The aerospace job applicants come early in the morning, forming long lines that snake through the lobby of the modern suburban office building.
Amid pastel furniture and cheery office decor, they wait patiently for a "prescreening" that will determine in a few minutes whether they merit further consideration.
This is the scene day after day at Douglas Aircraft Co.'s new employment center in Lakewood, where more than 43,000 people have come so far this year looking for a job. On one morning after Douglas won a big Air Force contract, 16,000 people lined up outside the employment office.
McDonnell Douglas is hiring, and the aerospace community is responding. The Douglas Aircraft unit in Long Beach hires 180 new factory and professional employees each week for its sprawling complex of aircraft facilities in Long Beach and Torrance. Douglas added 4,000 new jobs over the past year, not including hiring for turnover. Its work force totals 28,900.
Douglas is unique, however. The big aerospace buildup that came with the Reagan Administration's defense policies has largely spent itself, and now contractors are mainly concerned with holding on to the business that they picked up a few years ago. The defense procurement budget, after adjusting for inflation, is off by more than 15% over the last two years.
Nonetheless, Southern California aerospace employers are doing better than they had expected in heading off a major (or even a minor) downturn in business. That's partly due to a huge backlog of federal funds that remains in the long pipeline from Washington to the defense industry.
But it also reflects a series of successful contract wins by California aerospace companies. In addition, a strong commercial jetliner market is helping to pick up slack just as the military aircraft market is leveling off.
Personnel executives for a number of aerospace firms in Southern California say they had expected the market to be very weak this year, but that they are now experiencing difficulty finding enough qualified people.
"In June, we signed a major production contract with the Marines and Air Force that means we will add 350 people to our payroll," said Larry N. Colson, vice president of human resources at Litton Data Systems in Van Nuys. "I went into this employment effort thinking it would be a soft market. That isn't what we found."
That sentiment is echoed by executive and professional search firms that have a broad view of the market.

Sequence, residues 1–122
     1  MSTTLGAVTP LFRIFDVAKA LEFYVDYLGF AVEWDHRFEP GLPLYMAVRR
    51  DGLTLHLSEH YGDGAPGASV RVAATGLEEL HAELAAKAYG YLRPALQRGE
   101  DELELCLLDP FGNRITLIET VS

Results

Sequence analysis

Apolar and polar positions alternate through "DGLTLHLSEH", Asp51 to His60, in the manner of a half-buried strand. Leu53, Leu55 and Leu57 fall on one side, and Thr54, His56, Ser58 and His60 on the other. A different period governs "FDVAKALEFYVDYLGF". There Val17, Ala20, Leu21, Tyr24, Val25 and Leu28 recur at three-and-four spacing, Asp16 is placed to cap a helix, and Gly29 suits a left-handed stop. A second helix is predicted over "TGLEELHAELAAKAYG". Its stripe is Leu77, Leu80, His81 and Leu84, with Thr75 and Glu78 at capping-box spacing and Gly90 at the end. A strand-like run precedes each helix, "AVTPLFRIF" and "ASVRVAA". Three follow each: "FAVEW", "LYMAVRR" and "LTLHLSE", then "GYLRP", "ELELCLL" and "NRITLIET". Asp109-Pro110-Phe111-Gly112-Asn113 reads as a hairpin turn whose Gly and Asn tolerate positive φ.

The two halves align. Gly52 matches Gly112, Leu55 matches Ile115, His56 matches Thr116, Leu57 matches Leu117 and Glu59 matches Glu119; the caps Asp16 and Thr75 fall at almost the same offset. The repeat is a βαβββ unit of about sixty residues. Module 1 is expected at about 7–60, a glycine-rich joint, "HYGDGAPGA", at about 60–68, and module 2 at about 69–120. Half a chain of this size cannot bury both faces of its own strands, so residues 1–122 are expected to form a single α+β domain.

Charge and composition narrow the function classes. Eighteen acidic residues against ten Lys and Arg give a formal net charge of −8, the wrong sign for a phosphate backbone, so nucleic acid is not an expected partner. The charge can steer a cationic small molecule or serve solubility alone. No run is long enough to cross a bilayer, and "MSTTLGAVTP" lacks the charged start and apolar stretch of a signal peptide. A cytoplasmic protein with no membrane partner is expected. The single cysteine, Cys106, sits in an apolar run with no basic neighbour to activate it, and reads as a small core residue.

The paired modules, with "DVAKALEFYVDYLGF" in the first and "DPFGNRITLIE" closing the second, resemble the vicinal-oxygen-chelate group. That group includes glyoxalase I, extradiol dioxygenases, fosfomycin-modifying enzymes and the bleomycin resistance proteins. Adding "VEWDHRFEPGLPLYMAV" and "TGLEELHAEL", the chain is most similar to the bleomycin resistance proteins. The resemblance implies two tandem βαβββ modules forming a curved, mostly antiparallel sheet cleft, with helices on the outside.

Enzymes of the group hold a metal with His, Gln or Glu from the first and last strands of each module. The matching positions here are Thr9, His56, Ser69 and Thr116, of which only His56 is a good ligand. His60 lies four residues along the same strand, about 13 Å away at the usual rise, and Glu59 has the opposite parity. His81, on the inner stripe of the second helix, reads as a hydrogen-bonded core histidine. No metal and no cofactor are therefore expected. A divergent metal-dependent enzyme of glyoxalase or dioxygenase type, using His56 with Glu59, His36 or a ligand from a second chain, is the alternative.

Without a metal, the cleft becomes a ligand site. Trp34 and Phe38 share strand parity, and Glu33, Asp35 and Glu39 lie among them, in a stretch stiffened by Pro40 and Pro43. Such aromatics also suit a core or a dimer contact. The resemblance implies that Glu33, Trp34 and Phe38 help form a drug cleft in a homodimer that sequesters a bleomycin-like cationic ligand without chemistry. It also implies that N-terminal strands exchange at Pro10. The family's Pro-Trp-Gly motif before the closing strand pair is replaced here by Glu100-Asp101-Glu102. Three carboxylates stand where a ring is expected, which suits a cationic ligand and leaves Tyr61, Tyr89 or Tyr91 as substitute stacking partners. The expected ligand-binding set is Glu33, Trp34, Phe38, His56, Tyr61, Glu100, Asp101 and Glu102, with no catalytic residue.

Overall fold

"A year ago, my outlook was pessimistic," said Sanford A. Lechtick, chief executive of National Recruiters Corp. in Woodland Hills. "A lot of people, though, are hiring in both the defense and commercial aerospace sectors. The pie has gotten smaller, but some of these companies have gotten better" at winning competitions.
Indeed, the long-term fortunes of the Southern California aerospace industry took a leap late last year, when two prime contracts for the Air Force's Advanced Tactical Fighter were awarded to Northrop and Lockheed, ensuring that the region will get a large share of that $60-billion monster program. No matter which firm wins, ATF is likely to create well over 10,000 new jobs.
The potential for growth in spacecraft projects could develop into a major boon for California as well. About 66% of all U.S. spacecraft are built on the West Coast.
Two Southern California firms, Rockwell International in Downey and McDonnell Douglas Astronautics in Huntington Beach, are competing for the largest share of the Space Station program. Contracts will be awarded later this year. The National Aerospace Plane, the so-called Orient Express, has five contractors in competition, three of which are in Southern California.
The Strategic Defense Initiative has proven lucrative for California as well. Although SDI projects are individually smaller and less visible than many Pentagon efforts, the overall program is already so large that several contractors have set up special divisions to conduct SDI work. The majority of the top 10 SDI contractors are in California.
Rockwell is building another space shuttle as a result of the disaster last year that destroyed the Challenger.
All of these programs are helping to offset those early Reagan Administration programs that are now winding down. Total aerospace employment in Los Angeles County was 310,000 in July, up about 3% from a year ago, according to the state Department of Employment Development.
In the important aircraft segment, employment was 136,000, up from 129,800 a year ago. This was despite major layoffs at Rockwell's North American Aircraft unit, which lost 5,442 jobs in Los Angeles on the B-1 bomber program. Employment in missiles and spacecraft increased to 18,500 from 17,500 last year.
No downturn is expected in aircraft employment, which is projected to grow statewide from the current 176,000 jobs to 182,200 by next year, according to David Hensley, director of the California model at the UCLA Business Forecasting Project.